Winner of the 2010 Robert M. Utley Award from the Western History Association
As the fledgling nation looked west to the land beyond the Appalachian Mountains, it turned to the army to advance and defend its national interests. Clashing with Spain, Britain, France, Mexico, the Confederacy, and Indians in this pursuit of expansion, the army's failures and successes alternately delayed and hastened western migration. Roads, river improvements, and railroads, often constructed or facilitated by the army, further solidified the nation's presence as it reached the Pacific Ocean and expanded north and south to the borders of Canada and Mexico. Western military experiences thus illustrate the dual role played by the United States Army in insuring national security and fostering national development.
Robert Wooster's study examines the fundamental importance of military affairs to social, economic, and political life throughout the borderlands and western frontiers. Integrating the work of other military historians as well as tapping into a broad array of primary materials, Wooster offers a multifaceted narrative that will shape our understanding of the frontier military experience, its relationship with broader concerns of national politics, and its connection to major themes and events in American history.
Robert Wooster is Regents Professor of history at Texas A&M University-Corpus Christi. He is author or editor of ten books on the army, the West, and the Civil War, most recently Frontier Crossroads: Fort Davis and the West.
"This impressive volume, part of the 'Histories of the American Frontier' series, sums up and advances understanding of the US Army in the West....Highly recommended."--
"Students of the military in the West will find this a readable synthesis by a prominent scholar in the field; readers who are more interested in Indian experiences than military affairs (like the present reviewer) will get a better understanding of an institution that served as an instrument of empire-building and intruded deeply into Native American life."--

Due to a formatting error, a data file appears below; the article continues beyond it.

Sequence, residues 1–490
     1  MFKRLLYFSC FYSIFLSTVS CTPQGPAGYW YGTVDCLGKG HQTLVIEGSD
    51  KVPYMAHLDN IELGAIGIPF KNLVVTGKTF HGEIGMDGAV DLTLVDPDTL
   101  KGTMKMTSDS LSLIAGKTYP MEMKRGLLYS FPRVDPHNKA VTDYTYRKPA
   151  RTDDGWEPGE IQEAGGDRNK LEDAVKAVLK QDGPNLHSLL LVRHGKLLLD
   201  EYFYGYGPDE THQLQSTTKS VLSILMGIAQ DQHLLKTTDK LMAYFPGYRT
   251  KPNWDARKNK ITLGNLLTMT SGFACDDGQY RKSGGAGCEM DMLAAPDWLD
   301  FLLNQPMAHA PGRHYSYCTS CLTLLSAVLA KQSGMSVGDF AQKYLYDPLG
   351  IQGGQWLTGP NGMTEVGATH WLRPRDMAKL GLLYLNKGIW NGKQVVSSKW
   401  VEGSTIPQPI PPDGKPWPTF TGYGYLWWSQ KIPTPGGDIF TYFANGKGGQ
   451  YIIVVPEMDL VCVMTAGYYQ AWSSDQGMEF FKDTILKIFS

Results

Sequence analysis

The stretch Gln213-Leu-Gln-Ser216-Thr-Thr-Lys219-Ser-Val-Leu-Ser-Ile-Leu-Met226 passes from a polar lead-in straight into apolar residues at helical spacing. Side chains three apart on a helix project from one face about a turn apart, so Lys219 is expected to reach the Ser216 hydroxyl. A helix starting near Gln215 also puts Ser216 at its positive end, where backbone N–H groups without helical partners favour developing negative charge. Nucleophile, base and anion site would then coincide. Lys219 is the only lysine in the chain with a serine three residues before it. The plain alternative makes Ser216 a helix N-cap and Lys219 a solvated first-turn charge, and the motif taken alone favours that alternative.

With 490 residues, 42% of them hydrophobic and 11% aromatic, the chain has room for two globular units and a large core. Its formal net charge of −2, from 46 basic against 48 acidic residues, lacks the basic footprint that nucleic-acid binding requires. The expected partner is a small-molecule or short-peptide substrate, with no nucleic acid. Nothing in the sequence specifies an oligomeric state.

Register of the Kentucky Historical Society
"Given the vast breadth and depth of American military historiography, well-organized and well-written narrative overviews of the field are always welcome. Robert Wooster's recently released The American Military Frontiers certainly fits that description....Wooster deserves an appreciative audience for this work, among both lay readers and specialists alike."--
Great Plains Quarterly
"Robert Wooster...has achieved in one volume what not other historian has. The scholarship is sound throughout, and the documentation that is drawn from diverse manuscript collections, the National Archives, published government reports, and period newspapers adds to the originality and authenticity of the study. The major national themes raised in this book provide important vantage points for sophisticated discussion, and, at the same time, the anecdotal examples chosen for illustration of these points help provide a truly human face to the complex story."--
The Journal of Arizona History
"Professional scholars and laymen alike, who share a passion for military history--and particularly the American West--should hasten to add this volume to their collections."--
Military History of the West
"Wooster has produced a readable, reflective , and interpretive book that is appealing to academics as well as larger audiences while searching deep into the intricacies and dualities of the army and the expanding nation."--
The Journal of Southern History
"An acknowledged authority on the field of the United States Army and the frontier, Robert Wooster provides an effective and updated survey of the army's activities in the changing borderlands of the United States."--
Utah Historical Quarterly
"Historians of the frontier, American West, and United States military will find gems of insight in its pages."--
American Historical Review
6 x 9 in. 384 pages 64 halftones, 7 maps